When the silver saturated colours first came out - I tried the Kandinsky Green - and frankly - it baffled the heck out of me.
Recently, I got a chance to sit down with someone who has some experience with some of the high-metal content glasses - and picked their brains on this one.
My issue with the glass has been that it boils when you heat it. Now, I know that you need to go for a cooler flame and/or less oxygenated flame in these cases - it never occurred to me that it needed to be this low.
We introduced this glass into the flame, and it started to bubble and boil. So we turned down the oxygen, and it still boiled. And we turned it down. And it boiled. And we turned it down some more. And it still boiled.
By the time we found a flame that the glass would just melt happily in, we were just a heart-beat away from the yellow flame spouting up in the middle of the flame - we'd turned down the oxygen that much! (This was a tanked oxygen/boosted natural gas on a Mega Minor set up.) The flame was wide and bushy, but at least the glass wasn't boiling!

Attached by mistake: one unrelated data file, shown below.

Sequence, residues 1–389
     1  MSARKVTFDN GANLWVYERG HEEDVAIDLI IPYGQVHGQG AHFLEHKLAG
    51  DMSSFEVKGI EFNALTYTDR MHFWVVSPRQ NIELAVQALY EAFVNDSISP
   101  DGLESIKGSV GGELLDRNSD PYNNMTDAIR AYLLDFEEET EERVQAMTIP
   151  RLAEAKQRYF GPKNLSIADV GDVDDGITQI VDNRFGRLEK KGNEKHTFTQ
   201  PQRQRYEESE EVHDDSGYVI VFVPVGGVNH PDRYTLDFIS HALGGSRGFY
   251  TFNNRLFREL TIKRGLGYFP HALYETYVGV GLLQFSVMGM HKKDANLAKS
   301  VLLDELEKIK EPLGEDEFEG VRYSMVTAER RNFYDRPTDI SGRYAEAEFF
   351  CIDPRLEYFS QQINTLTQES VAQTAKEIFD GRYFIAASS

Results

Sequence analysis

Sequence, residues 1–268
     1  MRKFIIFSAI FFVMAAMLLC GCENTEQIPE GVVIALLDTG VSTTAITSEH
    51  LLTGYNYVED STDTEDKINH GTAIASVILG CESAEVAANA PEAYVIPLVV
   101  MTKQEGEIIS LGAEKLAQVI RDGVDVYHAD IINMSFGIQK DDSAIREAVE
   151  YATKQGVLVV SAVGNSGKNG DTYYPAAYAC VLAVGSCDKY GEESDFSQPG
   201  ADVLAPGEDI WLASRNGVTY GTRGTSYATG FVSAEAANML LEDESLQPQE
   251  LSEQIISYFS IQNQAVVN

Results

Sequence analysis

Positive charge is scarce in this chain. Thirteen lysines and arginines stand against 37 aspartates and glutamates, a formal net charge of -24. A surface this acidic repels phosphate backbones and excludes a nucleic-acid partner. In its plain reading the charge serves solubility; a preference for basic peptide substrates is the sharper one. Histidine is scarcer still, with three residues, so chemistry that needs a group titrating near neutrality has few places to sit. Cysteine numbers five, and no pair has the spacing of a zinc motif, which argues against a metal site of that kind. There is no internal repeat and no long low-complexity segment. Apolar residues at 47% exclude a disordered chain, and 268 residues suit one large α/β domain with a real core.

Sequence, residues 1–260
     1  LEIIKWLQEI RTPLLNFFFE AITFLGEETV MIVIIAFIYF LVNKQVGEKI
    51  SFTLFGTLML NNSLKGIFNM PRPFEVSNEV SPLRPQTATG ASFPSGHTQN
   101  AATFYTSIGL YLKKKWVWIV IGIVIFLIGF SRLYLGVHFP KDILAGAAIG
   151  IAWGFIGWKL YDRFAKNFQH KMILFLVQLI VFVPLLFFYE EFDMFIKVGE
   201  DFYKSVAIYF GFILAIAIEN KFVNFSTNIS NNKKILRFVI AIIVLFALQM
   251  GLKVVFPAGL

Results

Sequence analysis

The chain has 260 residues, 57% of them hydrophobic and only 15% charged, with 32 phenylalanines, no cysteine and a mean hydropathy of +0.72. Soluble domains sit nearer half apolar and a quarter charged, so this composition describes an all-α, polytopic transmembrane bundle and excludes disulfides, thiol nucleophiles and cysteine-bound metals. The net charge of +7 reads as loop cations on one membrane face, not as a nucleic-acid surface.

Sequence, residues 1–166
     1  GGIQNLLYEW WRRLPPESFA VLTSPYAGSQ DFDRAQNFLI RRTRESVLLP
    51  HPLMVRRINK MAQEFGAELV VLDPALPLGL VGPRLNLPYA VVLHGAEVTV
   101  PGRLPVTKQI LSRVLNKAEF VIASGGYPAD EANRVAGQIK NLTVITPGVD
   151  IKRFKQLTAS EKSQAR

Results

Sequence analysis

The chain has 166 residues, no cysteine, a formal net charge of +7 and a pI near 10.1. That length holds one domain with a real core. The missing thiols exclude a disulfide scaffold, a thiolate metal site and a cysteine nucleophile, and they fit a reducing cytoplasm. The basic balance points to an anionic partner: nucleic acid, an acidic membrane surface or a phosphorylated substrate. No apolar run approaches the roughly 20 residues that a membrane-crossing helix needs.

Further experimenting with cooling, heating, and adjusting the flame, and we discovered we could take it from a variety of greens to metallics - including this bead in the second photo, which shows a very shiny band of the Kad. Green on ivory. So shiny - it's actually reflecting the camera. ;-)
The first photo is my attempts to reproduce this effect - not successfully - but at least I got some interesting colours and not craters, which is what I was getting before. (You can see the bicone has fumed from the silver in the Kad. Grn glass. )
So, the key with this one is to use way less oxygen than you would think. Once we had it on the bead and had worked it awhile - we could turn the oxygen back up to more normal levels.
At least I have some better ideas now of what to try with this glass.
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